Abstract

http://ssrn.com/abstract=978000
 


 



How Judges, Practitioners, and Legal Writing Teachers Assess the Writing Skills of New Law Graduates: A Comparative Study


Susan Duncan


University of Louisville - Louis D. Brandeis School of Law

David T. Ritchie


Mercer University - Walter F. George School of Law


Journal of Legal Education, Vol. 53, p. 80, March 2003

Abstract:     
This article discusses the results of a survey which asked members of the profession - attorneys, judges and law professors - what they thought of the writing skills of their colleagues. To quantify the responses we asked specifically about the respondents' opinions concerning elements generally acknowledged as key to good legal writing. In particular, we provided survey respondents with a checklist of elements that are commonly included in the various sections of appellate briefs and memoranda. Respondents were then asked to rank the elements in each section. This ranking gave us an idea of what each group perceived to be the best indicators of good writing.

When we began this project, we anticipated that there would be wide discrepancies between the views of law professors and members of the profession generally. This turns out not to be the case, however. There was no difference among respondents as to which elements were identified. The attorneys, judges and legal writing professors all ranked clarity and concision as the two most essential elements of good writing. This suggests that legal writing professors are teaching what the bench and bar perceive to be key to good writing.

The second part of the article examines possible reasons why lawyers do not write well. Some of these include:

• Lawyers do not write well because they did not take a legal writing class in law school.
• Lawyers do not write well because they do not get enough practice in law school.
• Lawyers do not write well because of deficiencies in early education.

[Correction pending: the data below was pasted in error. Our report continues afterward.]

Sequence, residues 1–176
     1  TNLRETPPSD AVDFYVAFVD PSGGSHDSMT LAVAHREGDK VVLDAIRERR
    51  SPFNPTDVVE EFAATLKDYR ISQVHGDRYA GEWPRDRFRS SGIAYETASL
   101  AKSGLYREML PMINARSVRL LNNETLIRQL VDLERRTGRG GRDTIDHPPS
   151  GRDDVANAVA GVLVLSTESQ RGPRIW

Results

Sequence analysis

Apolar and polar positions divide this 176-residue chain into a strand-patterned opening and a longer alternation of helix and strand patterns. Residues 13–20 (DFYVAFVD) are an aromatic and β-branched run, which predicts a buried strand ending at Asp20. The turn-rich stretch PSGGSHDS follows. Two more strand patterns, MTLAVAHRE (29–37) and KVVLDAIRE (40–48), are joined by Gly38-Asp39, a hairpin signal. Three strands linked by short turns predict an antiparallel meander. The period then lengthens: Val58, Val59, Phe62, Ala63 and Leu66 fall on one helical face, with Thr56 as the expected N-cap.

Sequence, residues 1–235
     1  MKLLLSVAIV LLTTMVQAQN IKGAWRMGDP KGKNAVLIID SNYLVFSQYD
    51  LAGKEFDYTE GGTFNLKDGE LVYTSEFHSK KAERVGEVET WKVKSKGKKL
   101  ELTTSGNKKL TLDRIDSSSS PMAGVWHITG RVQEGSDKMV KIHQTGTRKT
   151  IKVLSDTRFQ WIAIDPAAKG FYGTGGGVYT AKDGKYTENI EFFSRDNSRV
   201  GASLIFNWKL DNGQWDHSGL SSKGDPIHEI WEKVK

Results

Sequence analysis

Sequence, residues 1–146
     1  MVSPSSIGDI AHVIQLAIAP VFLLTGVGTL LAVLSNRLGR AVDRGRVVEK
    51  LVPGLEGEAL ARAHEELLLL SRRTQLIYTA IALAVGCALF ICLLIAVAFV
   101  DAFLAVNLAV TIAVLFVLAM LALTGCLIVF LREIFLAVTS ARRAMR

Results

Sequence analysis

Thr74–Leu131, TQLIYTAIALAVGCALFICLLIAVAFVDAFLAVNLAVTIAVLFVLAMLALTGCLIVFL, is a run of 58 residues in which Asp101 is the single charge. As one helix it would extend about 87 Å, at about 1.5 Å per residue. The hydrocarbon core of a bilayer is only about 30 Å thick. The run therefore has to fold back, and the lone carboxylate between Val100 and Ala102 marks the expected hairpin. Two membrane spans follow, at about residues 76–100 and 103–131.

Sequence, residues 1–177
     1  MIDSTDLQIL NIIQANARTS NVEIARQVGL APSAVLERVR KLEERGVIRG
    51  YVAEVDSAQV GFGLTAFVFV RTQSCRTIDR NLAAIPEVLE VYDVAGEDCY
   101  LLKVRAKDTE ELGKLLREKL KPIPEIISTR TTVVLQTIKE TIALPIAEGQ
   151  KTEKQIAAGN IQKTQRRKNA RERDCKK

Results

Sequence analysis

• Lawyers do not write well because the profession offers very little continuing education on improving writing skills.
• Lawyers do not write well because of their time and financial restraints.
• Lawyers do not write well because of technology.
• Lawyers do not write well because many do not have the opportunity to write regularly.

Ultimately we concluded that the factors that contribute to poor writing by members of the profession are varied and complex. We recommend implementing more robust legal writing and skills components in all American law schools. This includes increasing the status of the professors who teach this most important skill as well as more offerings in the law school curriculum. In addition, increased access to ongoing writing instruction for current members of the profession is vital to improving the quality of writing.

Number of Pages in PDF File: 23

Keywords: legal writing, survey, judges, practitioners, legal writing teachers

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Date posted: April 7, 2007  

Suggested Citation

Duncan, Susan and Ritchie, David T., How Judges, Practitioners, and Legal Writing Teachers Assess the Writing Skills of New Law Graduates: A Comparative Study. Journal of Legal Education, Vol. 53, p. 80, March 2003. Available at SSRN: http://ssrn.com/abstract=978000

Contact Information

Susan Duncan (Contact Author)
University of Louisville - Louis D. Brandeis School of Law ( email )
Wilson W. Wyatt Hall
Louisville, KY 40292
United States
502-852-6373 (Phone)
502-852-0862 (Fax)

David T. Ritchie
Mercer University - Walter F. George School of Law ( email )
1021 Georgia Ave
Macon, GA 31207-0001
United States
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